Tel Aviv — The Haaretz newspaper political cartoon depicts a Russian computer expert asking President Vladimir Putin about some Israeli inside political baseball: “For the ultra-Orthodox sector, do we support the Chasidics or the Litvaks?”
It’s an amusing notion that someone at the Kremlin is down in the weeds enough to understand the ideological divisions of niche parties that are lost on most Israelis. But the cartoon reflects a recent widespread concern in Israel in the last week that foreign states like Russia are looking to meddle in the upcoming April 9 parliamentary election.
Might the experience of the U.S., which was on the receiving end of Russian hacking attempts and social network-based psychological warfare, be repeated in Israel? Might the “start-up nation” be vulnerable to the same kind of cyber-sleuthing for which it is celebrated?
The attention comes after Shin Bet chief Nadav Argaman was quoted by Israel’s Hadashot television news telling an audience at Tel Aviv University that he was certain that a foreign power would seek to intervene in the vote. The name of the foreign power was redacted by the Israeli state censors.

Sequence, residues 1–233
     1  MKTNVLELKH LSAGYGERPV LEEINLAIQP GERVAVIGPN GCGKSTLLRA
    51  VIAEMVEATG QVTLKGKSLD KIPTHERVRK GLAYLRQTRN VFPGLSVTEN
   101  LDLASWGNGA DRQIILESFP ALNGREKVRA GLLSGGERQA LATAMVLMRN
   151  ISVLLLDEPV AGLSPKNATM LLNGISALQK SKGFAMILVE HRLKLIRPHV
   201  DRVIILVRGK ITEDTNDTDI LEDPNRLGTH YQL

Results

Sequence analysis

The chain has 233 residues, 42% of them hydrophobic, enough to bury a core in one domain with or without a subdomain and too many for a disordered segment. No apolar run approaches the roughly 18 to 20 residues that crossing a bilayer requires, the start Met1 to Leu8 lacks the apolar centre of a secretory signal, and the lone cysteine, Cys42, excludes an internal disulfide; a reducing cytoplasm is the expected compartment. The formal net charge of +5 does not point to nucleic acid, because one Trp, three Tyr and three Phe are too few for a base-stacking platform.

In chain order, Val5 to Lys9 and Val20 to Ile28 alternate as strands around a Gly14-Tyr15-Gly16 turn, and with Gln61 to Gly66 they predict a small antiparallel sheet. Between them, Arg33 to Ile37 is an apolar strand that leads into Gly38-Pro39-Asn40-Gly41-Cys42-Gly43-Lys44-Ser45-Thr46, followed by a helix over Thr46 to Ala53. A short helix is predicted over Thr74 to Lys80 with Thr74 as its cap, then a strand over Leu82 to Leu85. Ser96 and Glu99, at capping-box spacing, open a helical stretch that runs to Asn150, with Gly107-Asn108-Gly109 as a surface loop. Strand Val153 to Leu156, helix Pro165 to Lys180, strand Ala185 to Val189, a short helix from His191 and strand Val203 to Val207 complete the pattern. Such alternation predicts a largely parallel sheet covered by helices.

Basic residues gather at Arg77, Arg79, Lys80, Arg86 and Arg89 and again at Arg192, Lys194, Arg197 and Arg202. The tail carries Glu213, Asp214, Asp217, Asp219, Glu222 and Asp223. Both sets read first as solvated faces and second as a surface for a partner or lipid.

The reported remarks have triggered anxiety about the integrity and vulnerability of the campaign, but Argaman wasn’t the first to warn of the threat.
In remarks at a conference last month sponsored by the Globes financial daily newspaper, former Mossad chief Tamir Pardo said that Russia, other foreign powers, and non-state actors all have an interest in intervening in Israel’s election campaign.
“Will you or I know about it? The answer is no,” Pardo said. “Is the system built to handle this? I have a very big question mark. Will there be transparency in examining such a thing? I don’t know.”
The statements have helped draw attention to a puzzling irony: Israel, which has built an entire industry on the cyber- and information-security developed to protect its defense systems and critical infrastructure like its electric grid from hacking attacks, nonetheless finds that its election infrastructure — the most basic foundation of its political system — is vulnerable to meddling in certain areas.
According to experts, it’s doubtful that Israel is prepared to deploy a comprehensive defense from cyber-meddling in the upcoming political campaign.